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The International Journal of Localisation




Localisation Focus–The International Journal of Localisation provides a forum for localisation professionals and researchers to discuss and present their localisation-related work, covering all aspects of this multi-disciplinary field, including software engineering and HCI, tools and technology development, cultural aspects, translation studies, human language technologies (including machine and machine assisted translation), project management, workflow and process automation, education and training, and details of new developments in the localisation industry. Proposed contributions are peer-reviewed thereby ensuring a high standard of published material. Localisation Focus–The International Journal of Localisation is distributed worldwide to libraries and localisation professionals, including engineers, managers, trainers, linguists, researchers and students. Indexed on a number of databases, this journal affords contributors increased recognition for their work. Localisation-related articles, book reviews, perspectives, insights and correspondence are all welcome.

Localisation Issues of Software Shortcut Keys

Volume 11  Issue 1
(2012)

 

Authors: Dr. Gintautas Grigas, Dr. Tatjana Jevsikova, Agnė Strelkauskytė

Abstract:
No common agreement exists on whether all shortcut keys should be localised during software localisation or not. The main argument in favour of the localisation of shortcut keys is a possibility to preserve mnemonics in the target language, whereas the main argument against their localisation is a possibility to maintain uniform command letters in the source and target languages. The aim of this paper is to investigate the localisation of shortcut keys and find a compromise between the contradictions mentioned above. The statistics of letters used in the command keys (i.e., Ctrl+letter) of 50 popular computer programs have been collected and analysed. The stability of command-letter pairing among different programs is evaluated and the recommendations for localisers are presented. The recommendations are based on the existing traditions of software design, existing practices of the major software producers, and the stability of command-letter pairing. The letters of command keys are divided into three main categories according to the strength of the relationship between the command and the letter. The categories are as follows: international (not to be localised), those that may be localised, and those that should be localised. Features of the combinations of the command keys with numbers and special characters are discussed as well. One more finding is that the Ctrl+Alt combination in the source program must be considered as an internationalisation error, since almost all languages that use the Latin script have letter keys with some characters on the third keyboard level, and the aforementioned key combination is equivalent to Alt Gr which is the recognised key to access third level characters.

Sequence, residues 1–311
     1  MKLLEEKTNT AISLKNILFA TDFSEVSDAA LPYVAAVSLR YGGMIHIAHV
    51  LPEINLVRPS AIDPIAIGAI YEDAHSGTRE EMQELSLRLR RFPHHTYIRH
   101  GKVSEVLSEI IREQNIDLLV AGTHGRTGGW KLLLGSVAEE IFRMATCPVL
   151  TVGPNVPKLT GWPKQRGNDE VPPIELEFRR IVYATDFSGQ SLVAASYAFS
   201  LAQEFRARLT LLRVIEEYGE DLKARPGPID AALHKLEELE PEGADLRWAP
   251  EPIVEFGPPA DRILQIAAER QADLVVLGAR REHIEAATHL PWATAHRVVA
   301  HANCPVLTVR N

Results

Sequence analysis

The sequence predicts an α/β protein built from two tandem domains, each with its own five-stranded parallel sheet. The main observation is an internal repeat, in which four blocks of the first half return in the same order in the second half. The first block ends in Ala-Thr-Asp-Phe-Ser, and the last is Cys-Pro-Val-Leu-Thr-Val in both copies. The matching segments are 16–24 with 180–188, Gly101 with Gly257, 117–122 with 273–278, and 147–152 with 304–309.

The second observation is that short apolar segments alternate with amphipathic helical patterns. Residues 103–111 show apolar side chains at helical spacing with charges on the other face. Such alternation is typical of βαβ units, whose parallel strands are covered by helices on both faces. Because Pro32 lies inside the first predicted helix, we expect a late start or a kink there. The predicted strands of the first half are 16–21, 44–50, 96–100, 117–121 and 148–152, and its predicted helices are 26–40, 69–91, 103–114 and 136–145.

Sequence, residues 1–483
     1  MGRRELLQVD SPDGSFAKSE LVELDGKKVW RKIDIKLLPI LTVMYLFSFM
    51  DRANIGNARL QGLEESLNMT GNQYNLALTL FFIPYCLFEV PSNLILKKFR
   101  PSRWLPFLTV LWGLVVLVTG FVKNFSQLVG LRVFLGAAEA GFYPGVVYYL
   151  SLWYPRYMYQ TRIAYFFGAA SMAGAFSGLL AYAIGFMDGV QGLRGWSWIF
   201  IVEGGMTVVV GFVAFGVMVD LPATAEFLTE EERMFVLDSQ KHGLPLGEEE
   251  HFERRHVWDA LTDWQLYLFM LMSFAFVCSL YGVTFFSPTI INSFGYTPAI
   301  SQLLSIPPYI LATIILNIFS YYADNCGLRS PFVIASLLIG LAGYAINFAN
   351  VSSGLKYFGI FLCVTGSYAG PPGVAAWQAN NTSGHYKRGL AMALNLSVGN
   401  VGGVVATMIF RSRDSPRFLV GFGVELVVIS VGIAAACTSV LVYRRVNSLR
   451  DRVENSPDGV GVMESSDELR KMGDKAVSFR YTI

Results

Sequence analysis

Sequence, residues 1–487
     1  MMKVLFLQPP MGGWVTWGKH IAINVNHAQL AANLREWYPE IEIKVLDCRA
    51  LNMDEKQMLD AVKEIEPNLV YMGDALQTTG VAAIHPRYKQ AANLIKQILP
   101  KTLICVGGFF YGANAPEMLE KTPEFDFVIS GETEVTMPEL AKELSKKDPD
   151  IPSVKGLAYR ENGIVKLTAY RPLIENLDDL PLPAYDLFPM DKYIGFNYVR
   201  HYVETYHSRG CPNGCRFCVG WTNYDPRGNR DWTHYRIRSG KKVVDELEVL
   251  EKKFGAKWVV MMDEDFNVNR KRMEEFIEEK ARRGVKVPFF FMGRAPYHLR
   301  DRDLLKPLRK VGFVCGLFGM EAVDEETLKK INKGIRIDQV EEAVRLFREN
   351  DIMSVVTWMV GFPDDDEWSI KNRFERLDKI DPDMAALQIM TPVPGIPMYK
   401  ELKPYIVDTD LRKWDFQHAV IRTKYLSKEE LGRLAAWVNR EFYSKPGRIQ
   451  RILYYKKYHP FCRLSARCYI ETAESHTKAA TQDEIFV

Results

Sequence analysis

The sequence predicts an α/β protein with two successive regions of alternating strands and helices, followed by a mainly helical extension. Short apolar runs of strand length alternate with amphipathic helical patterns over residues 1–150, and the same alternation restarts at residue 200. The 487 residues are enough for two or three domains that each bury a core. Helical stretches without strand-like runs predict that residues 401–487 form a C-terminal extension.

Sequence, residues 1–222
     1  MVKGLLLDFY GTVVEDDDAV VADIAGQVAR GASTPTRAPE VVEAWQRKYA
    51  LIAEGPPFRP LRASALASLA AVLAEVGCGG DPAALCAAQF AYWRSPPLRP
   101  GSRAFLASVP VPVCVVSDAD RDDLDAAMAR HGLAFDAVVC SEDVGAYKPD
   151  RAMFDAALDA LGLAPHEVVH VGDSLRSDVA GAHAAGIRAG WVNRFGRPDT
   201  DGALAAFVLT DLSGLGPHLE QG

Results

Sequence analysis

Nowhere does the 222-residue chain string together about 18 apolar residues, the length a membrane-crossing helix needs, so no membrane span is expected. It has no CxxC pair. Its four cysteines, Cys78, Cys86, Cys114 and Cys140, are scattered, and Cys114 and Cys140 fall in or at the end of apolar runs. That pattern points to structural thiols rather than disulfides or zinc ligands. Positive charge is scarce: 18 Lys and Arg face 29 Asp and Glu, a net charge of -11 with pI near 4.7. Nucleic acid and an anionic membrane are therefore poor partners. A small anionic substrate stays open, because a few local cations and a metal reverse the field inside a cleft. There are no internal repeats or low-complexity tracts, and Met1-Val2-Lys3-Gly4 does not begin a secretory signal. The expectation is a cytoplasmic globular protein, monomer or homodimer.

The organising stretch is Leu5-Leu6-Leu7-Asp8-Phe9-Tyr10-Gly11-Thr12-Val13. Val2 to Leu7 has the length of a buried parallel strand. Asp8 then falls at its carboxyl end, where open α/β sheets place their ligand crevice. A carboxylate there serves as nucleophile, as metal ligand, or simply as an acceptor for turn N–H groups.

Keywords: shortcut key localisation, access key localisation, command key localisation, software localisation, software internationalisation

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